Sunday, March 24, 2024

Exploring That Genetic Heritage


The other day, I was reading an article on using DNA for genealogy when a term the author used stopped me in my tracks. The term referred to a "genetic heir" being each of us who receives a portion of our ancestors' genetic makeup. That genetic inheritance could be quite tiny, but it is that same pattern, replicated with others of our distant cousins, which allows us to consider ourselves mutual "matches" through that heritage.

While on face value, yeah, I suppose that explains what we are doing when we use DNA to help build out our family tree—especially the parts where we have doubts or untold stories or other unexplained puzzles. It's just that calling it a genetic heritage sounds so much more poetic.

Now that I'm pushing back to the farthest reaches of autosomal testing—looking at my fifth great-grandparents, Elizabeth Lewis and Thomas Meriwether Gilmer—the expectation that I'd see any smattering of a genetic inheritance from them is rather slim. Actually, there's a small chance it could be as good as zero.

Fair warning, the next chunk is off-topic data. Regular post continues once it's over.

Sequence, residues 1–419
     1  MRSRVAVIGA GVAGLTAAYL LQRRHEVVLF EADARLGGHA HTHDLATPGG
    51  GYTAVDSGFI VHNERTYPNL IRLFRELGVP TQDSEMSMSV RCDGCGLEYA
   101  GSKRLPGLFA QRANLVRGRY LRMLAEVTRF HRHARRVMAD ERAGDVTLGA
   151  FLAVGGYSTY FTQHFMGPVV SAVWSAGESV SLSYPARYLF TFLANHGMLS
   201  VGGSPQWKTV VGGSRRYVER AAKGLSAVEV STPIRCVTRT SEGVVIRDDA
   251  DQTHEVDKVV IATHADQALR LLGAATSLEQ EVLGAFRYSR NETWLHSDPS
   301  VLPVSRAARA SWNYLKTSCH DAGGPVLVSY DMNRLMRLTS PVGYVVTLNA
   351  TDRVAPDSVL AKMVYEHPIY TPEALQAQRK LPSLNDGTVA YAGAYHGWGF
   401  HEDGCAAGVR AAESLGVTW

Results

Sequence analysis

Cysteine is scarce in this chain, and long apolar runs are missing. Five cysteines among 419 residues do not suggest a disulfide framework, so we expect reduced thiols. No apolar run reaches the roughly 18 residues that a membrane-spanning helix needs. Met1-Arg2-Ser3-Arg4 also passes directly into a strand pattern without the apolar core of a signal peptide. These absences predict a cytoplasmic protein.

However, taking a look at my ThruLines reading for Thomas and Elizabeth, I currently show fifty nine DNA matches through Elizabeth and sixty two leading back to Thomas. Whether those are all correct is a different matter. I'm far from being done with the process of going over each DNA match to verify the connection—and some I've seen already do look tenuous. But for those who check out by paper trail as well as genetics, I still stand in awe of the thought: I've inherited something passed down to me from 1765.

Granted, what Thomas and Elizabeth received at their birth in 1765 had to come from somewhere. Some of their forebears became the lucky ones to have that genetic expression passed down through Thomas and Elizabeth. And what has made it to this current generation so obviously varies: I've seen Gilmer matches who share one single segment of DNA measuring twenty five centiMorgans, while other matches barely squeak by with ten—or less. That may not be much of a heritage, but the fact that any of it is there to measure at all still impresses me.

I'll continue pursuing this tedious task of inspecting each of these distant DNA cousins through the rest of the month. All the while, I'll be pondering the incredible: how that one tiny strand of DNA we share connects us back to a couple whose lives began during our country's colonial days. 

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